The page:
The Great Recession was materially different from this one. That was an asset driven recession that hurt consumers who owned homes, particularly consumers that had over-leveraged themselves. While job prospects were made worse for younger consumers, they didn't get hurt as much as older consumers because they didn't have homes or other assets. 

This recession is different in that the majority of the 17% of unemployed consumers are in the hourly workers class. They are consumers who worked retail cash registers in malls, waiters, people in hourly sales roles, cooks, cleaning crews, hospitality workers, etc. So part of the explanation of higher wine demand today lies in who is still employed. The higher-paid college graduates, the very people who we've depended on for years as wine customers will be in relatively good economic conditions when we reopen testing rooms, and that gives us hope for tomorrow.

I'll say it again: Demand for wine is up and wineries have an opportunity to recover and improve sales. We only have to figure out how to give wine consumers what they desire, delivered to them at the right price, and through the right channels. When we do that, we will see success again!

What's Your Opinion?
  • Do you have a different perspective?
  • What do you see changing and how will you prosecute the change?
  • Have you learned anything from this abnormal change in business conditions?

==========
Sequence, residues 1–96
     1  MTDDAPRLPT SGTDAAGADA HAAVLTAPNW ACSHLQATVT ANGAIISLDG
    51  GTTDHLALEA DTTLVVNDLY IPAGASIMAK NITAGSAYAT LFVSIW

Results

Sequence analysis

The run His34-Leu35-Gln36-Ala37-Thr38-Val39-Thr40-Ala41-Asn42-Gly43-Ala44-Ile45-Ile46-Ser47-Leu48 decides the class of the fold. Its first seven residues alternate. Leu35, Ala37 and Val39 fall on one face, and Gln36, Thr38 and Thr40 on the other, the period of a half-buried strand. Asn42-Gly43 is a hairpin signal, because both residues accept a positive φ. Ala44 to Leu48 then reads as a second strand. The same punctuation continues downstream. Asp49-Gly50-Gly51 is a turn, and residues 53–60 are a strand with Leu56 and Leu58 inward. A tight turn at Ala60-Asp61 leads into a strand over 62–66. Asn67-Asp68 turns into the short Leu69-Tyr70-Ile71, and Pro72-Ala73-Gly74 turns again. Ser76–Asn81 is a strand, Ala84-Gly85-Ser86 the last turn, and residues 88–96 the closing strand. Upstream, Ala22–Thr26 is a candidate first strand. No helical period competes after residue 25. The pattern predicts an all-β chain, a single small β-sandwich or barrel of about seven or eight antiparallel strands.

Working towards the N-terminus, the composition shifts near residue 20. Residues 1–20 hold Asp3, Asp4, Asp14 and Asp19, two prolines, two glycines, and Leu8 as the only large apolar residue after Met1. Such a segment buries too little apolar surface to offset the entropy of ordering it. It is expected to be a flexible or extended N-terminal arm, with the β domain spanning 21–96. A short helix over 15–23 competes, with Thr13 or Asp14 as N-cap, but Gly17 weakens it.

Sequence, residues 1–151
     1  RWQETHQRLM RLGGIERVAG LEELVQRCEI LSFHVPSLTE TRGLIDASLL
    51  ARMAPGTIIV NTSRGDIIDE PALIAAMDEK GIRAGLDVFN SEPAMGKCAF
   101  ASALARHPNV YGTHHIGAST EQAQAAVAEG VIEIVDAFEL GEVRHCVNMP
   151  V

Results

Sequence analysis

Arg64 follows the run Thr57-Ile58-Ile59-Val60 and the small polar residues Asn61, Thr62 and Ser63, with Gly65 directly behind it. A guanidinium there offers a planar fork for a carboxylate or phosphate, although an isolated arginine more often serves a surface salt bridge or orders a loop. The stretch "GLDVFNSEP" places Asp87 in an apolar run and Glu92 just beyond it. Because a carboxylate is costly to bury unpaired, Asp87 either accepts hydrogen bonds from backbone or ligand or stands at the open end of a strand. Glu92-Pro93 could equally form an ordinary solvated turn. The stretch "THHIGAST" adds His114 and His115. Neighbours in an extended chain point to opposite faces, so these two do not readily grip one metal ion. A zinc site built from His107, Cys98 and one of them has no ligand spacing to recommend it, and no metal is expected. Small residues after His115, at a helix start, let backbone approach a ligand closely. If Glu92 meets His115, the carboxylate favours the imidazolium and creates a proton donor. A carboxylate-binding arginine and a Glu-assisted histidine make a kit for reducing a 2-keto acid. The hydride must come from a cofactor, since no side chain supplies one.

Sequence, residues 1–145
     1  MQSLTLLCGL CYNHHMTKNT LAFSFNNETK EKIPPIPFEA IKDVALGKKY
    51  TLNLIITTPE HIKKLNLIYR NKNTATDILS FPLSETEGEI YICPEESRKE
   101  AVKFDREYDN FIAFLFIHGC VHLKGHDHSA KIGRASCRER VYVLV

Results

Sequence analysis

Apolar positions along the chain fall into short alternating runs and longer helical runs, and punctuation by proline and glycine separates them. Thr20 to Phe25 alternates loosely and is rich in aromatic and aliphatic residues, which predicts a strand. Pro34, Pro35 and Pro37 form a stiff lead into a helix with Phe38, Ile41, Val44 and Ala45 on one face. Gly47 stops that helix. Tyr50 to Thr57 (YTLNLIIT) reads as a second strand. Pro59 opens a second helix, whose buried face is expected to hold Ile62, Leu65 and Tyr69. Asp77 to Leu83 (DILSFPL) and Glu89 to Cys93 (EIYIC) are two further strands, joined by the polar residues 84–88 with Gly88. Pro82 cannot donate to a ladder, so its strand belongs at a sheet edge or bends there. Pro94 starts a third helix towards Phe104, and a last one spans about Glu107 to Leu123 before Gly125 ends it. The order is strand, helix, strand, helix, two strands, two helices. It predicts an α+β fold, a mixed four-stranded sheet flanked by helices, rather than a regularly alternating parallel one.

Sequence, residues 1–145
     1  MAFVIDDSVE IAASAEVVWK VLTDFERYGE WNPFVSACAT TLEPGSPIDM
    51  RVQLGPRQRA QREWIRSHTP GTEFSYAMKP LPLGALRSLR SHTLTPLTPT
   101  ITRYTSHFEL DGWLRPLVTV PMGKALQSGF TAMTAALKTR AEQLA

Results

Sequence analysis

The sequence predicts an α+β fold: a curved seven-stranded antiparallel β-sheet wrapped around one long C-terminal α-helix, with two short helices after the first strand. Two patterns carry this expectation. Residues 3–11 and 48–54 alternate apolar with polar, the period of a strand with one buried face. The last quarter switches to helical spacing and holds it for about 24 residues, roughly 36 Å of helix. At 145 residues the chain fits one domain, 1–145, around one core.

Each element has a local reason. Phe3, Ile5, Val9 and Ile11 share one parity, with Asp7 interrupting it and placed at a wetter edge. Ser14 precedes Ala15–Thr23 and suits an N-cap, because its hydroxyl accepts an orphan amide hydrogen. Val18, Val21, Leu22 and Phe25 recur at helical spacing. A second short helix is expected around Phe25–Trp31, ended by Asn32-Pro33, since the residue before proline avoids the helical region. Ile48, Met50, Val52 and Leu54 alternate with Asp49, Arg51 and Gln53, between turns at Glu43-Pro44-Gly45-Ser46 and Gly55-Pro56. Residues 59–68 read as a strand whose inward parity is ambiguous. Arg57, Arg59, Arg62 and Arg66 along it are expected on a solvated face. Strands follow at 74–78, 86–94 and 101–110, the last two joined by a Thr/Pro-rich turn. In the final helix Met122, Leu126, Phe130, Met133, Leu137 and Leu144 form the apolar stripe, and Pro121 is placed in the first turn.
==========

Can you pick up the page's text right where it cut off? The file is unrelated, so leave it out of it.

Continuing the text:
Please join this site on the top right-hand side of the page, and offer your thoughts below. I respond to everyone.

Please share this post on your favorite social media platform!


  1. Well done Rob. I admire your restraint in not saying I told you so. For the past three years you have been telling us to be conscious of what the new consumers want and be prepared digitally to take our wines to all channels appropriate for their brand. You’ve given some excellent tips into what the new consumer will look like and where the silver lining may lie. Thank you.

    1. Thanks CP - If I said "I told you so," then to be fair I'd have to acknowledge all the times I've been wrong. So I think like the Wizard of Oz, I'll just stay safely behind the curtain.

  2. Rob - love the analogy, 'cept we don't have Glenda around when we need her. I think your key points are spot-on! I'd re-emphasize that shifting gears now will be critical to future success - the comfortable and same-old stuff that "seemed" to be working pre-crisis ain't going to cut it. Two prime thoughts:
    1) Restructure - ever the eternal optimist, I think some companies will leverage this crisis/recovery to revamp their whole DTC approach - and they should! It is a unique opportunity to remap the whole deployment strategy - people and dollar allocations should look dramatically different than before. It may be the only time to do this without severe pain (like we haven't had enough) - smart leaders will take this chance to restructure their businesses.
    2) Lifetime Customers - you touched on this well in the article - that the younger set has different needs/values, and new approaches are required to secure them as long-lived and delighted clients. $75 tasting fees and $100+ bottles are not the answer. Resist the urge to create a better buggywhip - and get those engines revving.